$\begin{array}{r}{\int}_{0}^{\mathrm{\infty}}{\int}_{0}^{2\pi}{e}^{-{r}^{2}}r{\textstyle \phantom{\rule{0ex}{0ex}}}d\theta {\textstyle \phantom{\rule{0ex}{0ex}}}dr\end{array}$

Since the inner integral is with respect to

$\begin{array}{rl}& {\textstyle \phantom{\rule{0ex}{0ex}}}{\int}_{0}^{\mathrm{\infty}}{\int}_{0}^{2\pi}{e}^{-{r}^{2}}r{\textstyle \phantom{\rule{0ex}{0ex}}}d\theta {\textstyle \phantom{\rule{0ex}{0ex}}}dr\\ \\ & ={\int}_{0}^{\mathrm{\infty}}{e}^{-{r}^{2}}r\underset{\text{This evaluates to}2\pi}{\underset{\u23df}{{\int}_{0}^{2\pi}{\textstyle \phantom{\rule{0ex}{0ex}}}d\theta}}{\textstyle \phantom{\rule{0ex}{0ex}}}dr\\ \\ & ={\int}_{0}^{\mathrm{\infty}}\left({e}^{-{r}^{2}}r\right)(2\pi ){\textstyle \phantom{\rule{0ex}{0ex}}}dr\\ \\ & =2\pi {\int}_{0}^{\mathrm{\infty}}{e}^{-{r}^{2}}r{\textstyle \phantom{\rule{0ex}{0ex}}}dr\end{array}$

**Concept check**: Find the antiderivative of

$\begin{array}{r}\int {e}^{-{r}^{2}}r{\textstyle \phantom{\rule{0ex}{0ex}}}dr=\end{array}$

Using u-substitution:Define

as $u$

$u=-{r}^{2}$ which means

$du=-2rdr$ Our indefinite integral now becomes

$\begin{array}{rl}\int {e}^{-{r}^{2}}r{\textstyle \phantom{\rule{0ex}{0ex}}}dr& =\int {e}^{u}r{\textstyle \phantom{\rule{0ex}{0ex}}}{\displaystyle \frac{du}{-2r}}\\ \\ & =\int {e}^{u}{\textstyle \phantom{\rule{0ex}{0ex}}}{\displaystyle \frac{-1}{2}}du\\ \\ & =-{\displaystyle \frac{1}{2}}{e}^{u}\end{array}$ Substituting back to

, this means our final antiderivative is $u=-{r}^{2}$

$\begin{array}{rl}\int {e}^{-{r}^{2}}r{\textstyle \phantom{\rule{0ex}{0ex}}}dr& =-{\displaystyle \frac{1}{2}}{e}^{-{r}^{2}}\end{array}$

Notice, the reason you can now find an antiderivative is because of that little

**Concept check**: Using this antiderivative, finish solving the integral which computes volume under a three-dimensional bell curve.

$\begin{array}{r}2\pi {\int}_{0}^{\mathrm{\infty}}{e}^{-{r}^{2}}r{\textstyle \phantom{\rule{0ex}{0ex}}}dr=\end{array}$

$\begin{array}{rl}2\pi {\int}_{0}^{\mathrm{\infty}}{e}^{-{r}^{2}}r{\textstyle \phantom{\rule{0ex}{0ex}}}dr& =2\pi {[-{\displaystyle \frac{1}{2}}{e}^{-{r}^{2}}]}_{0}^{\mathrm{\infty}}\\ \\ & =2\pi [-{\displaystyle \frac{1}{2}}{e}^{-(\mathrm{\infty}{)}^{2}}-(-{\displaystyle \frac{1}{2}}{e}^{-{0}^{2}})]\\ \\ & =2\pi [-{\displaystyle \frac{1}{2}}(0)-(-{\displaystyle \frac{1}{2}}(1))]\\ \\ & =2\pi {\displaystyle \frac{1}{2}}\\ \\ & =\pi \end{array}$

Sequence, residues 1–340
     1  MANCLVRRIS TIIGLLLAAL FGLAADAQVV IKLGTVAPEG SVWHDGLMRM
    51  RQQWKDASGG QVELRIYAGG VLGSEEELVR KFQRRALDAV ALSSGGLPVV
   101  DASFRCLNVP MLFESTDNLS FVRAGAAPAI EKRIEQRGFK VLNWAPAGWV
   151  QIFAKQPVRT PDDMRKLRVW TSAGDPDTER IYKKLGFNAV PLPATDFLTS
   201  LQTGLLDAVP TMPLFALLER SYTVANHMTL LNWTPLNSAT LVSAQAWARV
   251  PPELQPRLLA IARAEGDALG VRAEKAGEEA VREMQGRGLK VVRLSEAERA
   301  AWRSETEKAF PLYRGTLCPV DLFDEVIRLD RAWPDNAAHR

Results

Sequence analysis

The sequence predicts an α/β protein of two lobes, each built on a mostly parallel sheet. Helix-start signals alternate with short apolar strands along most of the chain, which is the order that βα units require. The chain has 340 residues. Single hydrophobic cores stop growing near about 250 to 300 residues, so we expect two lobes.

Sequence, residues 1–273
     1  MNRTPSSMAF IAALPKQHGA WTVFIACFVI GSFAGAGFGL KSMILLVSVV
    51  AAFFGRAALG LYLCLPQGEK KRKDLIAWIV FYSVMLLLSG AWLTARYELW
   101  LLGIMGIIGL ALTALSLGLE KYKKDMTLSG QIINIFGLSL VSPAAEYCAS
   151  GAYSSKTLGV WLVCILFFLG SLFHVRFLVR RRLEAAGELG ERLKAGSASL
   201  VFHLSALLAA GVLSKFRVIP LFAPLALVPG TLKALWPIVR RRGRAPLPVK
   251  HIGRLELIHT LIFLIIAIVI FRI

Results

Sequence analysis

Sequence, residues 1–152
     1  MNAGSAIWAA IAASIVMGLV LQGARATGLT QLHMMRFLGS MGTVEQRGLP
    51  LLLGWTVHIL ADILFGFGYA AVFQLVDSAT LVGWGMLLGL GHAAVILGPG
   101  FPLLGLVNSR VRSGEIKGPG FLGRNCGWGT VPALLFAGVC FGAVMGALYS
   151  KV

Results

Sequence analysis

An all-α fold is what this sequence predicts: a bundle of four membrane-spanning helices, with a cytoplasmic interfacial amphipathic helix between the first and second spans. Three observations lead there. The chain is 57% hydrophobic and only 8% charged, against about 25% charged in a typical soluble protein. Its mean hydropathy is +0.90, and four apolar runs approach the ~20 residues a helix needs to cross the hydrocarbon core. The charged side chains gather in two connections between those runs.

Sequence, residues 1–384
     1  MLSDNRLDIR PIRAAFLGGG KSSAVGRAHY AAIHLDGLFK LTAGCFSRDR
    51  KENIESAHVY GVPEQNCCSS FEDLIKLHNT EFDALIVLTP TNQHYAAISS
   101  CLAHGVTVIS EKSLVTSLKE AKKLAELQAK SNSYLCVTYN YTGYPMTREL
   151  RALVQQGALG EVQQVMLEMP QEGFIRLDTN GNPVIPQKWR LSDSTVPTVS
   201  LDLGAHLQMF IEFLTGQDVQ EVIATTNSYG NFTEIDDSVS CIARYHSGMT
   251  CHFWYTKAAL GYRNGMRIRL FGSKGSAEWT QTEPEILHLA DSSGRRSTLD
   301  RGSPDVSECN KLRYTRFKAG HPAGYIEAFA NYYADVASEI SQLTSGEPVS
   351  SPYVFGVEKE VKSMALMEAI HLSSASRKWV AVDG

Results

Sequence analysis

Isn't that a beautiful answer? It gets better, you can use this multi-dimensional result to solve the original single integral. Can you see how?

Let

Following the hint, start by saying

$\begin{array}{r}C={\int}_{-\mathrm{\infty}}^{\mathrm{\infty}}{e}^{-{x}^{2}}{\textstyle \phantom{\rule{0ex}{0ex}}}dx\end{array}$

Now, as we start chewing on the double integral in cartesian coordinates, even though it cannot be solved directly the way it was in polar form, we can start writing things in terms of

$\begin{array}{rl}& {\textstyle \phantom{\rule{0ex}{0ex}}}{\int}_{-\mathrm{\infty}}^{\mathrm{\infty}}{\int}_{-\mathrm{\infty}}^{\mathrm{\infty}}{e}^{-({x}^{2}+{y}^{2})}{\textstyle \phantom{\rule{0ex}{0ex}}}dx{\textstyle \phantom{\rule{0ex}{0ex}}}dy\\ \\ & ={\int}_{-\mathrm{\infty}}^{\mathrm{\infty}}{\int}_{-\mathrm{\infty}}^{\mathrm{\infty}}{e}^{-{x}^{2}}{e}^{-{y}^{2}}{\textstyle \phantom{\rule{0ex}{0ex}}}dx{\textstyle \phantom{\rule{0ex}{0ex}}}dy\\ \\ & ={\int}_{-\mathrm{\infty}}^{\mathrm{\infty}}{e}^{-{y}^{2}}\underset{\text{This equals}C}{\underset{\u23df}{{\int}_{-\mathrm{\infty}}^{\mathrm{\infty}}{e}^{-{x}^{2}}{\textstyle \phantom{\rule{0ex}{0ex}}}dx}}{\textstyle \phantom{\rule{0ex}{0ex}}}dy\\ \\ & ={\int}_{-\mathrm{\infty}}^{\mathrm{\infty}}{e}^{-{y}^{2}}C{\textstyle \phantom{\rule{0ex}{0ex}}}dy\\ \\ & =C\underset{\text{This also equals}C}{\underset{\u23df}{{\int}_{-\mathrm{\infty}}^{\mathrm{\infty}}{e}^{-{y}^{2}}{\textstyle \phantom{\rule{0ex}{0ex}}}dy}}\\ \\ & ={C}^{2}\end{array}$